Bioequivalence Studies of A Generic Formulation (SW651K) to the Brand Drug S-1 in Tumor-Bearing Rat Models
- *Corresponding Author:
- Tomoyuki Okabe
Sawai Pharmaceutical Co., Ltd.
Biological Research Department
E-mail: [email protected]
Received Date: February 26, 2016; Accepted Date: March 04, 2016; Published Date: March 11, 2016
Citation: Okabe T, Ogura T, Yoshimura T, Tanaka Y, Toyoda H, et al. (2016) Bioequivalence Studies of A Generic Formulation (SW651K) to the Brand Drug S-1 in Tumor-Bearing Rat Models. J Bioequiv Availab 8: 112-117. doi: 10.4172/jbb.1000279
Copyright: © 2016 Okabe T, et al. This is an open-access article distributed under the terms of the Creative Commons Attribution License, which permits unrestricted use, distribution, and reproduction in any medium, provided the original author and source are credited.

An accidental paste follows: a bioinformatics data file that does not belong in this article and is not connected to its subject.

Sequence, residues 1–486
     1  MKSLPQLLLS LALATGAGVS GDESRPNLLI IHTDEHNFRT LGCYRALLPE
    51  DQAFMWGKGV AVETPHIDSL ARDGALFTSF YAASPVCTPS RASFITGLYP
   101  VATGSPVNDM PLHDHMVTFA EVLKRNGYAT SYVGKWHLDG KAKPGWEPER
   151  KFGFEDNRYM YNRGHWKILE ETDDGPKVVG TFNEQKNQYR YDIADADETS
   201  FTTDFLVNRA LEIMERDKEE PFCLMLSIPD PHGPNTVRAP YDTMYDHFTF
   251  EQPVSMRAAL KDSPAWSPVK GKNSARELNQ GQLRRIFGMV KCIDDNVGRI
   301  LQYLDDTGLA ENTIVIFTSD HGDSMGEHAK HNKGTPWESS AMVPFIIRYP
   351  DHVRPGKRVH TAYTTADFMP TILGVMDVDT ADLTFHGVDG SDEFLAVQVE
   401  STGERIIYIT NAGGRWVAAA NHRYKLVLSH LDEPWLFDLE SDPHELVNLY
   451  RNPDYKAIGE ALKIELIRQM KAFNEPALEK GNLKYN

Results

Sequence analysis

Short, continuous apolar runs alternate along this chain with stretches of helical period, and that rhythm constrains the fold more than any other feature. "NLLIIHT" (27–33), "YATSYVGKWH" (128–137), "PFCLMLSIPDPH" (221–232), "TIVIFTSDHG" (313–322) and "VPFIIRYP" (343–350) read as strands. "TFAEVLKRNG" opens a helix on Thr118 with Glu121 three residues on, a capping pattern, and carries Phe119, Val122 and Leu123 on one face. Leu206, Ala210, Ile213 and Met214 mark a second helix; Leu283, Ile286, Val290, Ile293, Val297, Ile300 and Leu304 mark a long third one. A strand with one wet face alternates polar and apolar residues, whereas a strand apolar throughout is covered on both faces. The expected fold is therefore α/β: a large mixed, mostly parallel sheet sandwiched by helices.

SW651K, a fixed combination of tegafur (FT), 5-chloro-2,4-dihydroxypyridine (CDHP) and potassium oxonate (Oxo), is a generic preparation of S-1, which is widely used to treat gastric cancer in Japan. There is little detailed information of pharmacological effects of SW651K in clinical therapy. However it is not easy to evaluate the PK/PD in clinical trial. Therefore this study examined the bioequivalence of SW651K to S-1 in terms of pharmacokinetics and tumor shrinkage in tumor-bearing rats. Bioequivalence of SW651K to S-1 was first evaluated in Yoshida sarcomabearing rats. Concentrations of FT, 5-fluorouracil (5-FU, the active metabolite of FT), CDHP, and Oxo in plasma, tumor, small intestine, and large intestine were analyzed after a single dose of SW651K. Tumor size was measured during treatment with each formulation for 7 consecutive days. Next, tumor size was measured in human gastric cancer cell (NUGC4)-bearing rats treated for 14 days. Tumor 5-FU concentrations were also analyzed. Tumor size in NUGC4-bearing rats treated with SW651K or S-1 plus cisplatin was also evaluated. SW651K was bioequivalent to S-1 in terms of the pharmacokinetics of all components and of 5-FU in rats. Both formulations also had equivalent antitumor activities in Yoshida sarcoma- and NUGC4 tumor-bearing rats that received monotherapy. Moreover, combined treatment with cisplatin equally potentiated the antitumor effects of both formulations, without increasing body-weight loss in NUGC4 tumor-bearing rats. In conclusion, bioequivalence of SW651K and S-1 was confirmed in terms of pharmacokinetics and antitumor effectiveness in tumor-bearing rats. Our results suggest that SW651K is clinically equivalent to S-1.